LENT 3A: Perfect Peace

LECTIONARY TEXT:  Romans 5: 1-11
Therefore, since we are justified by faith, we have peace with God through our Lord Jesus Christ, through whom we have obtained access to this grace in which we stand; and we boast in our hope of sharing the glory of God. And not only that, but we also boast in our sufferings, knowing that suffering produces endurance, and endurance produces character, and character produces hope, and hope does not disappoint us, because God’s love has been poured into our hearts through the Holy Spirit that has been given to us.  For while we were still weak, at the right time Christ died for the ungodly. Indeed, rarely will anyone die for a righteous person—though perhaps for a good person someone might actually dare to die. But God proves his love for us in that while we still were sinners Christ died for us. Much more surely then, now that we have been justified by his blood, will we be saved through him from the wrath of God. For if while we were enemies, we were reconciled to God through the death of his Son, much more surely, having been reconciled, will we be saved by his life. But more than that, we even boast in God through our Lord Jesus Christ, through whom we have now received reconciliation.

Thomas Merton said that “the Christian must not only accept suffering; the Christian must make it holy.”  That is very strange to us.  What exactly is holy suffering?  Suffering is bad; suffering is unbecoming; suffering is something that we all try to avoid.  So, how then, can we accept this claim that suffering produces hope?  Keep in mind that the early believers to whom Paul wrote were used to a Roman understanding of peace.  Augustus Caesar had established the Pax Romana, which sought to move in on the entire world.  It was an understanding of peace that would come from Roman prosperity and Roman power.  (I suppose they thought that peace would come if everyone else would just shut up and live the way they do!)  So, Paul is taking the “motto of the day” and turning it inside out.  This peace places its hope in glory; it is part of that larger hope of life in Christ.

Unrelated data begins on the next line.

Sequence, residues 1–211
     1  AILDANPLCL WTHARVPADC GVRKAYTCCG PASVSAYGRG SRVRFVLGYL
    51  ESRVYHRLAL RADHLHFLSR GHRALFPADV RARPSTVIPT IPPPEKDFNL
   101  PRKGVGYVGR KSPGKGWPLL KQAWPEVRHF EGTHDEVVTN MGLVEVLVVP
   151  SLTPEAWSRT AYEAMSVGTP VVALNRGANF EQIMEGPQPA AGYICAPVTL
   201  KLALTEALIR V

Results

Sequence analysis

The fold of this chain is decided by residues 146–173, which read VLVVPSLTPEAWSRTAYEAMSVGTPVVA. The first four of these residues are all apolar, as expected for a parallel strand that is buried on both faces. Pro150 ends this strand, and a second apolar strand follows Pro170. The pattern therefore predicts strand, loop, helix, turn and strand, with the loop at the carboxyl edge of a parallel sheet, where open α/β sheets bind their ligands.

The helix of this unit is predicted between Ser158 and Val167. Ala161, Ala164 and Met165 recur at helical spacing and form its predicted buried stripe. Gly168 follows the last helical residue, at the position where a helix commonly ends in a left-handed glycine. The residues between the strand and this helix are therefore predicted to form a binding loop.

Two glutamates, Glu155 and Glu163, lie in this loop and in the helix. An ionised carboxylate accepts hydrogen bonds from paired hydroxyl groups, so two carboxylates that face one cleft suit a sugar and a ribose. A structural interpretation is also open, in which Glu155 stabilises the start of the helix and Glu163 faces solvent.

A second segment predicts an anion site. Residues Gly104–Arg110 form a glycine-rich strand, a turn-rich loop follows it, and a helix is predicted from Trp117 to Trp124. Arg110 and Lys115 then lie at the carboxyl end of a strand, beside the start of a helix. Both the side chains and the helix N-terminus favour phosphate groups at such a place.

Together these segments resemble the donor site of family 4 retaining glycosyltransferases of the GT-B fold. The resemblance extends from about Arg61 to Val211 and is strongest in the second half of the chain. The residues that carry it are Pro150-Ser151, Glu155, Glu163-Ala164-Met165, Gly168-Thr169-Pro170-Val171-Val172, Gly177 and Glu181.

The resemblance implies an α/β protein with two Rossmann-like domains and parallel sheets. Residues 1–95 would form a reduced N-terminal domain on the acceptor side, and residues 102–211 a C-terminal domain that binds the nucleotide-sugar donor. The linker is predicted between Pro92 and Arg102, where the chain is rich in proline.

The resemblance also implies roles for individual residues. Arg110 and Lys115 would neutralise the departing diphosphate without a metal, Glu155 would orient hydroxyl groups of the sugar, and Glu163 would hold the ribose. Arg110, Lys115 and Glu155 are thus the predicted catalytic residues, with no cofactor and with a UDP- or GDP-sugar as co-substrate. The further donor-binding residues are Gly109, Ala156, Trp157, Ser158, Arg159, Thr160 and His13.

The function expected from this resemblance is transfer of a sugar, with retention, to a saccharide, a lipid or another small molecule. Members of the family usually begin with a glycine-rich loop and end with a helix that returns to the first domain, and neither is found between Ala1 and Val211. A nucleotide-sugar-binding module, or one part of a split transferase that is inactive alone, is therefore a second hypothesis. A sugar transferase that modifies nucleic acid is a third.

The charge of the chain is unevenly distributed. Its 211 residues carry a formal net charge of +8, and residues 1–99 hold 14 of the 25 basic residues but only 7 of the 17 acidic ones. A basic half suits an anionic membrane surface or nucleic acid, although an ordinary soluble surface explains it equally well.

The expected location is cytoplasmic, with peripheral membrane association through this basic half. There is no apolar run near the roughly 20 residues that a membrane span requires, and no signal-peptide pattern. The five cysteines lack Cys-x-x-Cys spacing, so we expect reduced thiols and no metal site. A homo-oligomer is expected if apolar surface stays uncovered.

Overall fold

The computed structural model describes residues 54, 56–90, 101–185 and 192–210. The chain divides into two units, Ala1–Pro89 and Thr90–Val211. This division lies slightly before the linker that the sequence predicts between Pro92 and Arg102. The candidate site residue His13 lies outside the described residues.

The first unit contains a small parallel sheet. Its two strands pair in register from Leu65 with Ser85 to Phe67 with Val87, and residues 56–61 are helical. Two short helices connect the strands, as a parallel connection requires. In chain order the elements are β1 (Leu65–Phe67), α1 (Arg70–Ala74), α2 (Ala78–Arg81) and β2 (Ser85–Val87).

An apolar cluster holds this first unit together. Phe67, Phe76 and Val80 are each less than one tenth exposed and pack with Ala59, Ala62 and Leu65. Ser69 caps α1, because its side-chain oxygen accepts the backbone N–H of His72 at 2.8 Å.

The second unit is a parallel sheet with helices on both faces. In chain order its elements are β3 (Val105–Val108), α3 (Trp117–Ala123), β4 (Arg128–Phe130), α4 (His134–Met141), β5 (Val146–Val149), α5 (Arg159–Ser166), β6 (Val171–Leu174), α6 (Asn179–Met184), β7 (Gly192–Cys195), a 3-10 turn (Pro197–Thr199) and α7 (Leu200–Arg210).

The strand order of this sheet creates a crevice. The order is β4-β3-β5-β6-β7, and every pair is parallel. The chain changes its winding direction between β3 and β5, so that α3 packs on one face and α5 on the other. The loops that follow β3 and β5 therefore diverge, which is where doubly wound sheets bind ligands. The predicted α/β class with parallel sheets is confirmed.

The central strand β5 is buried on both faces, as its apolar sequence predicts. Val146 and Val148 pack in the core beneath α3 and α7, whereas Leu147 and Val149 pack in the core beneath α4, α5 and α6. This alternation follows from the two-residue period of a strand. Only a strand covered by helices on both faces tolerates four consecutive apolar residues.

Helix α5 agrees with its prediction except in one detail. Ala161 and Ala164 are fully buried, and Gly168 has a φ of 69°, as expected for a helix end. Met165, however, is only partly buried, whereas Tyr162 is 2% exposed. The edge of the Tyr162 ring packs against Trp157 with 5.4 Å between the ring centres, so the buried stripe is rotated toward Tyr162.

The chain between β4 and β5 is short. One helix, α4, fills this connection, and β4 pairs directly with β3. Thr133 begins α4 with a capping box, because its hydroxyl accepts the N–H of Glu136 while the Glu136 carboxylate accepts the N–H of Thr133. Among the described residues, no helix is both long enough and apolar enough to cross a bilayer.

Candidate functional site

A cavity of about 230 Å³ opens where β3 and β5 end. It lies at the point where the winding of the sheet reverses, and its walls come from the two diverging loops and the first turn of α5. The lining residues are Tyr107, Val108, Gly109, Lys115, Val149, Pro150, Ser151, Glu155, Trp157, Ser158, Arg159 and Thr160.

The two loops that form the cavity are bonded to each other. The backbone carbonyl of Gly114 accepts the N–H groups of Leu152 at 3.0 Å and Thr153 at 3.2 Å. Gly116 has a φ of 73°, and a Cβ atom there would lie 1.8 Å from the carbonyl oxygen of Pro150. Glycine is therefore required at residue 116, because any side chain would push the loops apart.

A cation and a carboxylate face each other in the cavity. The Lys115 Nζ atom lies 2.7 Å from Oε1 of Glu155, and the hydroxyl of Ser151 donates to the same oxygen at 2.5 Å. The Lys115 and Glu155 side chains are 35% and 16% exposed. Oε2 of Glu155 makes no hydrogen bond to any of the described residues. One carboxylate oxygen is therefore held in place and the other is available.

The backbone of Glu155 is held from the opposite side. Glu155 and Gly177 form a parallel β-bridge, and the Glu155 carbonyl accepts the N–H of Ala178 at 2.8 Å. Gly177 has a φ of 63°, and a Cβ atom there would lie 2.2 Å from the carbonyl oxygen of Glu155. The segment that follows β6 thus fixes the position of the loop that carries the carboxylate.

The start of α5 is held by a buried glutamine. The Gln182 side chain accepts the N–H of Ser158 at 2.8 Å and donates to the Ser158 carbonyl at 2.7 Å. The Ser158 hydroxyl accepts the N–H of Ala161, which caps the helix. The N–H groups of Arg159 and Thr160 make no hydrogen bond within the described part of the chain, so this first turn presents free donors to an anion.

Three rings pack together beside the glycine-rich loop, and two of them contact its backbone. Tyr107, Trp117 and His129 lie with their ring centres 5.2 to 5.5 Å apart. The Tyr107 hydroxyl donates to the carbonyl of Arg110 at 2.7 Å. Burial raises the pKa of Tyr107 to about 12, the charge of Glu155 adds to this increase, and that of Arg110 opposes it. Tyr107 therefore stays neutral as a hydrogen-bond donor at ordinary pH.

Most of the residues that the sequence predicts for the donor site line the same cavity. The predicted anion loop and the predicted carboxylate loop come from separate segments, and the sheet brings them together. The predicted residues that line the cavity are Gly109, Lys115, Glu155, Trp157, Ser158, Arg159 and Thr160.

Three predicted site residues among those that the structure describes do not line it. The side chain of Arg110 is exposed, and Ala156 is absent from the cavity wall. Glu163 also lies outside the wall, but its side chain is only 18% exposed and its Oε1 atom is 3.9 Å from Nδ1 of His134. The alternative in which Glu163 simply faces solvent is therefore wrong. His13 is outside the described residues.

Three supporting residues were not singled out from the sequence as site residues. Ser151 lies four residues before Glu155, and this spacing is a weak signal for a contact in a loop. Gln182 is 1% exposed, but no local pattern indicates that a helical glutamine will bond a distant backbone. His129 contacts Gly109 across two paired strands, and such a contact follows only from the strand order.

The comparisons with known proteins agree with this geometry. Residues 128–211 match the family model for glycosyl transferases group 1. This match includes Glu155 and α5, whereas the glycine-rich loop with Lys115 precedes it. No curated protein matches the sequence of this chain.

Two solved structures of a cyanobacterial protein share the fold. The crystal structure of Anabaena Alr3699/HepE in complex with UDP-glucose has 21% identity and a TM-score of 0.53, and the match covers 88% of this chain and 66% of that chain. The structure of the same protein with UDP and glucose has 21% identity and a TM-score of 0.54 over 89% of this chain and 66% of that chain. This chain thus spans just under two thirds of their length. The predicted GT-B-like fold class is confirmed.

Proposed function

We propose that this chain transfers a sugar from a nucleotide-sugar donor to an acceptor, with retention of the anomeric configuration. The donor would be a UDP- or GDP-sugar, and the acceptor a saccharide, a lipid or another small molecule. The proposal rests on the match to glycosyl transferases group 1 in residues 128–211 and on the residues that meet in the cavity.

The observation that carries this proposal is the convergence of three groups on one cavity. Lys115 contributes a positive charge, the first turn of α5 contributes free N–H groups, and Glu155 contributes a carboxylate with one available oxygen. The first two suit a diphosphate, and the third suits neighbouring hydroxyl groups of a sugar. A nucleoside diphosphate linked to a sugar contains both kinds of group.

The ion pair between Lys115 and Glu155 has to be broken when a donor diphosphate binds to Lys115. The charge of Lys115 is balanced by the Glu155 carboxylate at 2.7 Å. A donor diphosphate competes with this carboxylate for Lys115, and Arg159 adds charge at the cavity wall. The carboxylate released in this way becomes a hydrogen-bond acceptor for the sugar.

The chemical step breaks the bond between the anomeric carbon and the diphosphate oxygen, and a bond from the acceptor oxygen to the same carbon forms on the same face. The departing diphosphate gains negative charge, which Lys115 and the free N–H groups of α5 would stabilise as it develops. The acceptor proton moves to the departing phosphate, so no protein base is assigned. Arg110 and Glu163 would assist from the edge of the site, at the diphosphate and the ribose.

Today’s news, for me, does not echo chords of peace–a bombing at a Jerusalem bus stop, the military action over Libya, and rumblings of discords from other countries in the area.  And so our discussions about peace become discussions about power.  We seem to be arguing more over who is going to be in charge of the military operations than talking about peace.  Our vision of peace has a lot to do with who’s in charge, with who has the power.  Our idea of power is an end in and of itself, rather than a way to peace.  Maybe we could stand a little reframing from Paul too.  For us, suffering is a failure; within the vision of God, suffering holds hope for newness.  Because in the midst of suffering, just like in the midst of everything else, we find God.  God walks with us through it, loving us and holding us, perhaps even revealing a way out of it, if we would only listen, and gives us a glimpse of what is to come.  The suffering of the world reveals the heart of God, reveals the holiness that is, if we will only look.

Truthfully, I don’t know what perfect peace looks like.  Chances are, I, like all of you, would be limited by a peace that makes my life easier and a lot less scary.  That’s not what it is, comfortable and lovely as that may sound.  Perfect peace is not lack of suffering; it is oneness with God.  And oneness with God enables us to see holiness in everything, to see beauty where there is none, and to see light even in the darkness.  In this season of Lent, we once again walk toward the Cross, with the drums of discord, still this moment far in the distance, growing louder with each step.  This season lasts for forty days.  But those forty days do not include the Sundays of Lent.  Known as “little Easters”, they are opportunities to glimpse and celebrate the Resurrection even in the midst of darkness.  They are reminders that even in this season of Christ’s Passion and Death, their is always a light on the horizon.  Resurrection always comes.  But it’s not a fix; it’s not a reward for the most powerful; it’s what happens when God’s love is poured into our hearts.

So, in this Lenten season, definitely pray for peace but, in the meantime, walk toward hope.

Grace and Peace,

Shelli    

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